With work, family, social media and more, our social interactions are often hurried and brief. This makes it difficult to acknowledge, diagnose and address the mental health stressors that plague us all.
Dr. Valdesha DeJean is a behavioral medicine specialist at Pacific Medical Centers and is board certified in psychiatry and neurology. She shares that “one of the most common misconceptions about mental illness is that people believe mental health is not actually an illness. The truth is, everyone is vulnerable to mental health issues to some degree if exposed to significant stressors or trauma during their life. Some people may have better coping skills or support systems that may foster more emotional resilience, but it does not make them invincible.”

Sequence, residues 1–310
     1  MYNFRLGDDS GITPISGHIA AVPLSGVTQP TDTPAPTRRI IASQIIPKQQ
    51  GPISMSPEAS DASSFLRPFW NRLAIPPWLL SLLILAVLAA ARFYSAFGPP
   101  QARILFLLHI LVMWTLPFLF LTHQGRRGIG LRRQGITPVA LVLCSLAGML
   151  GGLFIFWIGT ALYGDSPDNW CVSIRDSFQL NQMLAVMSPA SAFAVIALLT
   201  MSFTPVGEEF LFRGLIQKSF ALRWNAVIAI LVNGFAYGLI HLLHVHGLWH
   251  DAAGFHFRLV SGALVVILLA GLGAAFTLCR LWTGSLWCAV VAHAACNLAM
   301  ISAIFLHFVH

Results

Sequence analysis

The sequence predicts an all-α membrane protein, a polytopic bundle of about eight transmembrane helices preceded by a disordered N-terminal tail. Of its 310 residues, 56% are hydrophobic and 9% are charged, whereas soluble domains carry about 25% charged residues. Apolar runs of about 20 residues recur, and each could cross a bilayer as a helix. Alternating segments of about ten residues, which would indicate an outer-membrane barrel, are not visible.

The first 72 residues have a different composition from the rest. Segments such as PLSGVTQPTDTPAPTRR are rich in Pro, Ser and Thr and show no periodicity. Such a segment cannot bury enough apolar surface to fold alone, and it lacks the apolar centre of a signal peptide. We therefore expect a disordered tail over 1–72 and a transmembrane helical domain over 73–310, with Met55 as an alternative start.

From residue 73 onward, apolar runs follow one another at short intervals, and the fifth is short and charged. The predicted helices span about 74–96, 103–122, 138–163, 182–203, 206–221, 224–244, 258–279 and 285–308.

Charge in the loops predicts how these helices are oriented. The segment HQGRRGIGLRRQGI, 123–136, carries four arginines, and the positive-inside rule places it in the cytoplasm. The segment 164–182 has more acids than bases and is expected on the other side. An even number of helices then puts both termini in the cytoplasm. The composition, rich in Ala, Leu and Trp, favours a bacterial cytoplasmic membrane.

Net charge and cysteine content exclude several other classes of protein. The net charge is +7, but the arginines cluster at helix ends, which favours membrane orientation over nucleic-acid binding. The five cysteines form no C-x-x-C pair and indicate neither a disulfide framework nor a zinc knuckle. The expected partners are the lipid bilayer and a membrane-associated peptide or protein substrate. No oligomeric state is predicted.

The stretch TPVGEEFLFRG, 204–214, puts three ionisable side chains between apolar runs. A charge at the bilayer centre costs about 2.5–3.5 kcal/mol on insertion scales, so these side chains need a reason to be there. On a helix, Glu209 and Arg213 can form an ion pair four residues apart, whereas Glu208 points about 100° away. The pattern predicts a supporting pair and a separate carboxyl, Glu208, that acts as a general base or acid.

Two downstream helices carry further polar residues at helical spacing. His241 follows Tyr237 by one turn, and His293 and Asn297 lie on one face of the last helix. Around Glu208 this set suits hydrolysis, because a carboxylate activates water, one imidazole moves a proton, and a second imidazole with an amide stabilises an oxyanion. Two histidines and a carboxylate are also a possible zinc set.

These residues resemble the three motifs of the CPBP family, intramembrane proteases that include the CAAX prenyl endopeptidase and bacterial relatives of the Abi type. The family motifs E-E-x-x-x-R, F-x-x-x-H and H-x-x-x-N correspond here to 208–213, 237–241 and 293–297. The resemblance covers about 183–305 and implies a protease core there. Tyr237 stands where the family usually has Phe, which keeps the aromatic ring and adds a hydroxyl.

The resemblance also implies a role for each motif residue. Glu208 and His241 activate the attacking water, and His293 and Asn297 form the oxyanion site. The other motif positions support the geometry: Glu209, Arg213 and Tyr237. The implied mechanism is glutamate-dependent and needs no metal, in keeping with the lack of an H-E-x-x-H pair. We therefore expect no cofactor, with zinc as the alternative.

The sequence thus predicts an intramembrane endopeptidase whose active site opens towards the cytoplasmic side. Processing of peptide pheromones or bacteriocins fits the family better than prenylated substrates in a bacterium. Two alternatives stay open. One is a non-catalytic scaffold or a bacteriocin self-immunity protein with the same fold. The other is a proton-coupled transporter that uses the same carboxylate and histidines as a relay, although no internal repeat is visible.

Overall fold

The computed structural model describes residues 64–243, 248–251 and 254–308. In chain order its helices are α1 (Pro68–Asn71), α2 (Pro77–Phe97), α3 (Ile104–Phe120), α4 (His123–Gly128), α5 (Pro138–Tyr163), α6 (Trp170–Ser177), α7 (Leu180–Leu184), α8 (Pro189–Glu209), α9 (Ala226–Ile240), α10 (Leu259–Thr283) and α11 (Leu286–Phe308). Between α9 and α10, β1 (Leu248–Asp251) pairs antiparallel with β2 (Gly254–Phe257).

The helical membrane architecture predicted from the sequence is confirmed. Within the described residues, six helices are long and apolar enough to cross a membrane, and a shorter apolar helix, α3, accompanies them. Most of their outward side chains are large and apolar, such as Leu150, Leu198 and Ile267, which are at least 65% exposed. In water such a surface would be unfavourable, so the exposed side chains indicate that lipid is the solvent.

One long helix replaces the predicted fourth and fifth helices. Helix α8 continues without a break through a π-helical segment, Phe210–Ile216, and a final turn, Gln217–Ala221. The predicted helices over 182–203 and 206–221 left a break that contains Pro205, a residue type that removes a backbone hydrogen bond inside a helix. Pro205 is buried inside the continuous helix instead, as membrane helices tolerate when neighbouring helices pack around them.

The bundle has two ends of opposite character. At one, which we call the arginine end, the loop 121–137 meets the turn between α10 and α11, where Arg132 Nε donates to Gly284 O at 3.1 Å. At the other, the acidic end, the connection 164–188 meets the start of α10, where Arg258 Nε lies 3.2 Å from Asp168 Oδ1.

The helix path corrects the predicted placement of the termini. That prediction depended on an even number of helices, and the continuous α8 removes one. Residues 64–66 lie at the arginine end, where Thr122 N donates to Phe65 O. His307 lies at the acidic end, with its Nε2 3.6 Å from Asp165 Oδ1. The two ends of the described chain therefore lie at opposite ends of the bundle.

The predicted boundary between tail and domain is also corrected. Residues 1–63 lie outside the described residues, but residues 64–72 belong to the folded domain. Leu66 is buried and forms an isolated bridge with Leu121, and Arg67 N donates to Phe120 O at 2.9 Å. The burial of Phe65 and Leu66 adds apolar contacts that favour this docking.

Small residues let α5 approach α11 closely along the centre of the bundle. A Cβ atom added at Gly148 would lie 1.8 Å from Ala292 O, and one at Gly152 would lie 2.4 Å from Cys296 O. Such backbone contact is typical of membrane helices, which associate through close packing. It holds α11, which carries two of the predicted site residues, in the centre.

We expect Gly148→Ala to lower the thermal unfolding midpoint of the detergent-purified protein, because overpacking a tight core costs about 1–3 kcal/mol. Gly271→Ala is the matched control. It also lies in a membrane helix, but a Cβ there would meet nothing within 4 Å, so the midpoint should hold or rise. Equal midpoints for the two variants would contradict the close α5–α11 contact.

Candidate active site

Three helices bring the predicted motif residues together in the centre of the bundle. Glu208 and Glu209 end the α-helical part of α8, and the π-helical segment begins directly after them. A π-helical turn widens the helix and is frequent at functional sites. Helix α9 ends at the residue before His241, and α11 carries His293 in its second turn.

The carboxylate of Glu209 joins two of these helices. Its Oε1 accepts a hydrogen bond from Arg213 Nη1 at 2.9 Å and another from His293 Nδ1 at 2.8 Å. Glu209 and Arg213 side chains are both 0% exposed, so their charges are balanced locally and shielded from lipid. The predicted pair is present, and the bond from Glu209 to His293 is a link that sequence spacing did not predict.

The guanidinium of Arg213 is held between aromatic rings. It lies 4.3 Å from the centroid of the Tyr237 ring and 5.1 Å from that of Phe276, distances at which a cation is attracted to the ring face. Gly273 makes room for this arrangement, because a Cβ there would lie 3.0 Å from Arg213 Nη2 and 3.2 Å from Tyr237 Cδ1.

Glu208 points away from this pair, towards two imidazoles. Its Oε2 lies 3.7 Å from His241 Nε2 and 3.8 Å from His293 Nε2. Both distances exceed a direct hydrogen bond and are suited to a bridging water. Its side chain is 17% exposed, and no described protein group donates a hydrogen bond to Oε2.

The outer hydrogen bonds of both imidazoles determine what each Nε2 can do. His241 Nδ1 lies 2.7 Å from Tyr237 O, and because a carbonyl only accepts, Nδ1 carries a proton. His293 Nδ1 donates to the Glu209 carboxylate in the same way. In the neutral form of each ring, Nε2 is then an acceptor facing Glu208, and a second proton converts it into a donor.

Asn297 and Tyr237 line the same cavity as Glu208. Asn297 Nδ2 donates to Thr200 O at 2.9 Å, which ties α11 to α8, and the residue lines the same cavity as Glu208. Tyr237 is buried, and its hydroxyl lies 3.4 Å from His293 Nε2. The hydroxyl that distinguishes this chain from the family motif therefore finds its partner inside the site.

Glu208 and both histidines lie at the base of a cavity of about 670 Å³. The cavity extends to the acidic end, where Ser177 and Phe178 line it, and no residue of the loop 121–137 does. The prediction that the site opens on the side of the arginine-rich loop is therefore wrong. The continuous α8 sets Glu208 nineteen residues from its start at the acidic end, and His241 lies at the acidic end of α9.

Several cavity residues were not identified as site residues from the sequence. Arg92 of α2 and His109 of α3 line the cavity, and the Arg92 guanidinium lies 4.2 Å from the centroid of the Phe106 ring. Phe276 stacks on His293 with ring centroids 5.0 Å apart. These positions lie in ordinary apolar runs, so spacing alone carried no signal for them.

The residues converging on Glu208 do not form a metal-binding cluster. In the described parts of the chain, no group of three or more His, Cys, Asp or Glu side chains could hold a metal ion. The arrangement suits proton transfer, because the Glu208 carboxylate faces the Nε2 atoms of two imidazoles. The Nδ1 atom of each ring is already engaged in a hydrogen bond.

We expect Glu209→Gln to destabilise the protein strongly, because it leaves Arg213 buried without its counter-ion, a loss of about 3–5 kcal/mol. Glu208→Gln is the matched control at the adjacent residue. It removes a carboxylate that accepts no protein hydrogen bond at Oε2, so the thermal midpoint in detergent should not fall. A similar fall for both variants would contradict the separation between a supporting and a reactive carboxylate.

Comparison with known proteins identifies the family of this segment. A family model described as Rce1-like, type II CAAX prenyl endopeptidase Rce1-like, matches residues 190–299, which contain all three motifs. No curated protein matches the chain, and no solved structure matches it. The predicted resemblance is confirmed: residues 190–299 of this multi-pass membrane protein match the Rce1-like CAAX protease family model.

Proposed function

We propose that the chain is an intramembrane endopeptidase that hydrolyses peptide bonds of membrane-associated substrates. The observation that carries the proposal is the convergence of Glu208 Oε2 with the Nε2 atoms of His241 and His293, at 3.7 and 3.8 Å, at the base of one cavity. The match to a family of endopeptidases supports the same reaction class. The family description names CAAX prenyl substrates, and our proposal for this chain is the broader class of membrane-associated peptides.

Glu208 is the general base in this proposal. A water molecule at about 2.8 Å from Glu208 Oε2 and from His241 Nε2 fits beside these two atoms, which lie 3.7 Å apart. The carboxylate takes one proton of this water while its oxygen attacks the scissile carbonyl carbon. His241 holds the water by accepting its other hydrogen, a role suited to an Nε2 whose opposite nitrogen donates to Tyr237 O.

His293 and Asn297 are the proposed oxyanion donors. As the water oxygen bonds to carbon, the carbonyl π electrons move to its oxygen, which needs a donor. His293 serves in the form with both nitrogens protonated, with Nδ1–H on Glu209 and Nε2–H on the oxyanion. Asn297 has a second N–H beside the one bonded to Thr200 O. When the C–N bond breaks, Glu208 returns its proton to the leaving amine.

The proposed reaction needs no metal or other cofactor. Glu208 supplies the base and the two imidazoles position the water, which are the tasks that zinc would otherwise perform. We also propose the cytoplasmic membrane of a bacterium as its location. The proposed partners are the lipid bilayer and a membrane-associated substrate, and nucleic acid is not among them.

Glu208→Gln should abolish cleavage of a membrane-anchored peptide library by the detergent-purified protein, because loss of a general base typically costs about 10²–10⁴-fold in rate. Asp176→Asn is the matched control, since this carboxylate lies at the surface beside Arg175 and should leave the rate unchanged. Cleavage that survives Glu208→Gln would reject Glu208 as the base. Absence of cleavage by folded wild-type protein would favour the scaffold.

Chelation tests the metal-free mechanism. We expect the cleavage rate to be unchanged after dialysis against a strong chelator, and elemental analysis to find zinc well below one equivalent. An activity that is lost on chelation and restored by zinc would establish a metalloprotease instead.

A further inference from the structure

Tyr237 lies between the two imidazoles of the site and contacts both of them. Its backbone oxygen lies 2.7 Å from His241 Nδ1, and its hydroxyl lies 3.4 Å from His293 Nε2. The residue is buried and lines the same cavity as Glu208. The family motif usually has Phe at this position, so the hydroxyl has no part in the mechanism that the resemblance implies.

If you or a loved one “notice changes in occupational or social functioning, then it is a sign that it is time to seek help,” suggests Dr. DeJean. She continues, sharing that often “people suffering from mental health issues may become so consumed with feelings of helplessness that they may not know that they can get better with treatment.”
Consider taking “a compassionate, nonjudgmental approach to offering help. Try not to assume that you know what is best for the individual without their input. Express to your loved one that you are available to attend appointments with mental health providers if that will be useful for them. For many, it is hard to take the initial step of going to a psychiatrist or psychotherapist because of the stigma associated with mental illness.”
Dr. DeJean also suggests daily coping strategies like maintaining a healthy diet, exercise, rest, music, massage and making time for fun despite the daily grind. While we all feel overwhelmed with our “to do” lists and the needs of those around us, it’s important to set aside time for these coping strategies to ensure optimal mental and physical health.